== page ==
LEDs are our default choice now
We do all our own internal maintenance, and we are very strapped for resources. We have an in-house engineering team and they’ve got lots to do. We’re a quite complex, variously aged estate, so the more that we can remove from them maintaining the basics, the better. If we can put in lighting that’s going to stand the test of time, that’s so helpful for us and gives us resources to do other projects.
The guidance we have is: ‘If not LED, justify why not.’ In some areas, we’ve upgraded to T5 so the payback is quite slow. But for the most part, we are moving to LED where we can.
We want our patients to be involved
My proudest moment will be giving our patients the control to make sure that, whether they’re in their own room or whether they’re in a ward, they have the ability to control lighting to give them the best experience possible. And that it actually works, because if the light switch is on and it’s right above the bed and it’s shining right in their eyes, that’s not going to do anyone any good.
The other thing is that we really ought to involve our patients in the process. We want to do some trials and get people to say: ‘I like this, I don’t like this.’ We’ve got the funding, which is the big thing, and we’re tendering for lighting in the next couple of months. My job is to make sure it doesn’t become a like-for-like switch-out, which it could. In some areas it will. That’s the sensible thing to do in some areas, but in others we need to be more creative.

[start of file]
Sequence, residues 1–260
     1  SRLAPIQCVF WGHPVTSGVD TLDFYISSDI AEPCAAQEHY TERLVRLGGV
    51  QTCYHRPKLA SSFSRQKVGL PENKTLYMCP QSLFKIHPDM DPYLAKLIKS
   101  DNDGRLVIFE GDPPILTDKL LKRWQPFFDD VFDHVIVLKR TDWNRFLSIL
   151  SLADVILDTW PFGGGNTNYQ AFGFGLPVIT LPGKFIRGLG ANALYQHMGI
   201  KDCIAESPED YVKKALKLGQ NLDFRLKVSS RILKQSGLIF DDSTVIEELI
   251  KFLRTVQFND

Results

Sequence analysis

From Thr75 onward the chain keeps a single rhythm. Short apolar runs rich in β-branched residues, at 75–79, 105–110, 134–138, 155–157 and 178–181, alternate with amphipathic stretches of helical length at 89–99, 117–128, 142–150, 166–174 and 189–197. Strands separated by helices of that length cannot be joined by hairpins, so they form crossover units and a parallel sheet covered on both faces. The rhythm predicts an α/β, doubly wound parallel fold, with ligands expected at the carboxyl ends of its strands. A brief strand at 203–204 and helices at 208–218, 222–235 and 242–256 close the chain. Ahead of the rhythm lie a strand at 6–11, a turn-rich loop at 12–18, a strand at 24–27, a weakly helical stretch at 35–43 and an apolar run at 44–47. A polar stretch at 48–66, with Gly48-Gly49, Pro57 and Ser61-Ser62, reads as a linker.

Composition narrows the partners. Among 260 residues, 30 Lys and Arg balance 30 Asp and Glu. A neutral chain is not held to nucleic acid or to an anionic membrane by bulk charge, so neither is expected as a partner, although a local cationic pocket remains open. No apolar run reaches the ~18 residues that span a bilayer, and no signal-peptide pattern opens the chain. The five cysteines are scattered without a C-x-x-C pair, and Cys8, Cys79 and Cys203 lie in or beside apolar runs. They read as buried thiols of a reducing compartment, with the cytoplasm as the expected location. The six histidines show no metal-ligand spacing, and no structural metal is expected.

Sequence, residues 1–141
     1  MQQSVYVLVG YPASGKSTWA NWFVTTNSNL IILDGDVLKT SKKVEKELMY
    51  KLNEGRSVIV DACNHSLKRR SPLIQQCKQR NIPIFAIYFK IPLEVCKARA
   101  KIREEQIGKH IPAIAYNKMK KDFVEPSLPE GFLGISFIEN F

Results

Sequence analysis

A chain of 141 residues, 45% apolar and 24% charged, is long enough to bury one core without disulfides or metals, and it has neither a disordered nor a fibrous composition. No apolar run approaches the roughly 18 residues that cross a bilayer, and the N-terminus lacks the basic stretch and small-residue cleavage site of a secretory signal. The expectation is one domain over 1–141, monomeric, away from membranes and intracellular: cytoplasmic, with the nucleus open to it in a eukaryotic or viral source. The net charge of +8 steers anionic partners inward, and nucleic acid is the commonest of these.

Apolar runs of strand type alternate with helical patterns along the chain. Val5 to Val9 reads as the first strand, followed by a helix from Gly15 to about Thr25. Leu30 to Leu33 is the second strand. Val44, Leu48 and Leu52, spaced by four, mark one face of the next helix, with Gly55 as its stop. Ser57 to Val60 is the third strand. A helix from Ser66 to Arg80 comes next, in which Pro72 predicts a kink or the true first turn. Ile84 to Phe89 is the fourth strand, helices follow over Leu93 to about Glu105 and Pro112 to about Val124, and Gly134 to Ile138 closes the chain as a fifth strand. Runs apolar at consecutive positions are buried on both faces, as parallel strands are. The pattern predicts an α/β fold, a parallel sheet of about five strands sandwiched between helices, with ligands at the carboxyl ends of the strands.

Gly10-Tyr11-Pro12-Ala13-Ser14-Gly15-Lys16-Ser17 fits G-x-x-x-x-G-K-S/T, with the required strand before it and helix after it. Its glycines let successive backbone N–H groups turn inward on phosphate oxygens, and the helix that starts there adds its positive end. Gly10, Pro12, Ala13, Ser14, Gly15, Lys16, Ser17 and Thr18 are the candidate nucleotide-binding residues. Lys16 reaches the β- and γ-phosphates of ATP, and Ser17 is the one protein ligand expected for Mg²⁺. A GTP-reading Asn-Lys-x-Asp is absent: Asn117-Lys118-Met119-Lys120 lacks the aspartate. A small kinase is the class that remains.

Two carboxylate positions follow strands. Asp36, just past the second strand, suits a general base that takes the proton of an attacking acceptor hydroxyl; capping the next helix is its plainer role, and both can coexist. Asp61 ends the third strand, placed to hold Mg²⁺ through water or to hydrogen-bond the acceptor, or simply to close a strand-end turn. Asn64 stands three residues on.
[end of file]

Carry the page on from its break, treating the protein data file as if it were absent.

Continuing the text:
One of the things I really am pleased about is that we’ve introduced photocell-controlled lighting almost across the board. We’ve eliminated the areas where we have lights on and bright sunshine at the same time.
I’d like to see more transparency and standards
One thing that would be really helpful with LEDs is more transparency in the way they’re manufactured and the quality. There’s still an element of having to go to the right supplier, the right manufacturer, the right… and that, I think, adds a premium to the likes of Philips.
But I also think that manufacturers could really help standardise. When we build a new ward, there’s a standard set-up for a hospital bed. It’s the number of plugs around the bed. It’s where the table goes, it’s where the lighting goes to a certain extent. It’s where the patient entertainment system is, and it’s a kind of standard thing, so we don’t recreate it every single time we do a new ward. It would be really good if there were a sort of standard set of principles that we could apply to patient areas. That would help us reduce the design costs, and to just get things done.
- Lux’s Lighting for Healthcare webinar will take place on 7 December and you can find out more and register to listen here. Despite budget constraints, you CAN successfully upgrade to LED lighting in the NHS and the wider healthcare sector. In this special presentation, Alexandra Hammond of Guy’s and St Thomas’ NHS Foundation Trust shares the lessons of a £1 million retrofit.